Dalton gives a performance far better than this rather dull TV movie deserves, showing us the tortured soul of this man of god who’s seen too much of mankind at its worst. He’s not your regular priest either, more that happy to take a swing at the police when they attempt to arrest some peaceful black protesters and not averse to using a bit of foul language.

As for the film, it can’t seem to decide if it wants to be historical drama or horror film and in the end succeeds as neither. The acting is for the most part competent though Jonathan Malen, as the possessed kid, is no Linda Blair and his performance kills any chance the film has at any scares. In truth it verges on unintentional hilarity at times, most memorably in the runaway school desk scene, which sees Malen take out several students and the teacher when his desk lurches around the classroom with him hiding under it.

Without Timothy Dalton there would be no point in watching this and even with him your time would be better served re-watching the film the real life events inspired.

The aspect ratio of the film on DVD is 4:3 and while the transfer is nothing to write home about it does a decent job of presenting the film. The sound is 2.0 Dolby Stereo and is clear if unspectacular.

Extras consist of cast biographies and a trailer.

Next week: The Legend of Hell House and The Haunting of Hell House.

Paul Walker: Actor or Timber? March 3, 2007

Posted by Ian W in : DVD Viewing Journal , 1 comment so far

Paul Walker has a reputation as a actor so wooden that the only part he’d be at home playing would be Pinocchio. Still, with a director like Clint Eastwood using him in Flags of out Fathers I figured it was time to investigate further.

Timeline

The Americans stick it to the English once again; no doubt this was the appeal to Billy Connelly, what self respecting Scotsman could resist a film that portrays the English as bad guys and has a Scot help the French to victory? This film itself is a silly time travel tale that makes little sense (not uncommon in time travel movies) and thanks to some lacklustre action scenes gives the viewer far too much time to think. Paul Walker is poor as Connelly’s son but he’s not alone with the only decent performance coming from Anna Friel as a French noblewoman. Scriptwriter Jeff Maguire must take much of the blame with the actors given some awful dialogue to deliver and Richard Donner shows that even great directors are capable of cooking up some poultry given the right ingredients.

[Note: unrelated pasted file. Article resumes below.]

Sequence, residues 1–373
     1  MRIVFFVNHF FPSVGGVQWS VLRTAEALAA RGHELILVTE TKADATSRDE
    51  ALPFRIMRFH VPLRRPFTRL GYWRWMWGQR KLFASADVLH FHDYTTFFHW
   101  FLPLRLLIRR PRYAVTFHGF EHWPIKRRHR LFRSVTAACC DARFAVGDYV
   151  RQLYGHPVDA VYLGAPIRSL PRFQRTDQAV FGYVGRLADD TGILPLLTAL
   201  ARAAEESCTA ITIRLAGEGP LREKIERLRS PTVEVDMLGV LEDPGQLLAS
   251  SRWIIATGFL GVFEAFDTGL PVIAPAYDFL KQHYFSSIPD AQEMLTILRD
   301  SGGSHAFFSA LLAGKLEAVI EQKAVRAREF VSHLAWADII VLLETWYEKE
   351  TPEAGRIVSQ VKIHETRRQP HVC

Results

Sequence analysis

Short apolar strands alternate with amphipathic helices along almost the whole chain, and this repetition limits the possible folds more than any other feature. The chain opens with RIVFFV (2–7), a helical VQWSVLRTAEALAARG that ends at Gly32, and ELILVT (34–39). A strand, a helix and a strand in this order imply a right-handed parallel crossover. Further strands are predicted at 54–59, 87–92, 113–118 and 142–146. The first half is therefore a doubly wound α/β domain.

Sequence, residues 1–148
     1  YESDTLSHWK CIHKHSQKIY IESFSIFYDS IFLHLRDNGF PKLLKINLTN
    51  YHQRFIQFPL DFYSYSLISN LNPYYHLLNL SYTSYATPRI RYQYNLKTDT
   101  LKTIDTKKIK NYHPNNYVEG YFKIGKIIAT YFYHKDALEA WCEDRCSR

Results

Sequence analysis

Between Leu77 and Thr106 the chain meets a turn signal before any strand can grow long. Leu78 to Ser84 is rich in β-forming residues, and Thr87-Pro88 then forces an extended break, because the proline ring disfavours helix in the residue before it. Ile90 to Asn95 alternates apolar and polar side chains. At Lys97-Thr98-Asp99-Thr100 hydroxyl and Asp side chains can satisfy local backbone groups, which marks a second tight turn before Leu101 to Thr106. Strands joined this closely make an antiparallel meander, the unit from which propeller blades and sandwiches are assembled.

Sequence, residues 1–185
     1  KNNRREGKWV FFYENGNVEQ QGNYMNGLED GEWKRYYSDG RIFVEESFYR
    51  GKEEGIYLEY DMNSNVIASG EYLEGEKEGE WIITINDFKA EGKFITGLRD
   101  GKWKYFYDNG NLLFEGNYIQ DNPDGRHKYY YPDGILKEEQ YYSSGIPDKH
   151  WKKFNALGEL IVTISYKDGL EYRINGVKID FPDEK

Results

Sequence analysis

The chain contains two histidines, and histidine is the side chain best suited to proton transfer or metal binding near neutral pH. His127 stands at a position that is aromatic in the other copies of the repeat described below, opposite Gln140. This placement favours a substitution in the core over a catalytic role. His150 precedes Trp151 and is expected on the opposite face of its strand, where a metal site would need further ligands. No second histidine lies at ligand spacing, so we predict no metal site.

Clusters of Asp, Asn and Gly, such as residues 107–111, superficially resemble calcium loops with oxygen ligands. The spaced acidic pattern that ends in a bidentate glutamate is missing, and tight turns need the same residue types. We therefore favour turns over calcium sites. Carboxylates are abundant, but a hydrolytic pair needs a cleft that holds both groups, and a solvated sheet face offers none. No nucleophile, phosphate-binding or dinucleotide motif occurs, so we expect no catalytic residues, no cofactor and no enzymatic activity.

Into The Blue

We’ve seen this all before, just substitute Paul Walker for Nick Nolte and Jessica Alba for Jacqueline Bisset and you’ve got The Deep. The thing is that film wasn’t even that good and this does nothing to improve on it. There’s some nice underwater cinematography and the site of Alba in skimpy outfits is not displeasing (Walker also wears very little to keep the ladies happy) but neither of the leads stretches there acting abilities. Of the two Hollywood offspring in support – Scott Caan and Josh Brolin – it’s Brolin Jr who fares the best. While his screen time is limited he makes the most of his villainous role while Caan just annoys as Walker’s old school buddy. The film has more than one reference to Jaws and you’d get far more enjoyment from rewatching that classic than this vapid rehash.

Running Scared

A throwback to the old style thrillers of the late seventies/early eighties that no one seems to make anymore. Full to the brim with violence, bad language and gratuitous nudity this is so un-pc you have to love it for that alone. Add to that good performances from Walker (yes you read that right) and Vera (The Departed) Farmiga as his long suffering wife and a plot that takes some unexpected (though in hindsight logical) twists and you get almost two hours of guilty pleasure. The bizarre paedophile sequence may be a touch Tarantinoespue but it still works and it gives Farmiga her best moment in the film. Plus it references John Wayne’s The Cowboys, what more could you want?

Eight Below

I love dog movies; I think it must be some kind of inherited trait that I get from my Dad. So a film about eight sled dogs trapped in the Antarctic was almost guaranteed to please. The big surprise though is how good the human cast are – Bruce Greenwood and Jason Biggs both acquit themselves well but it’s Walker who is the real surprise. Most of the film deals with two separate stories, the dogs trying to survive on there own and Walker trying to raise funds for a rescue trip no one is willing to make. For the film to work you really need to believe in the bond between man and dog and in a relatively short space of time at the beginning of the film Walker manages to convey his characters deep affection for these working dogs. Thanks to director Frank Marshall the film has more of an edge than you’d expect from a Disney film, yet it’s still very much family fare. I’d love to see Nankyoku monogatari the Japanese film this is based on, hopefully someone will put this out on DVD soon.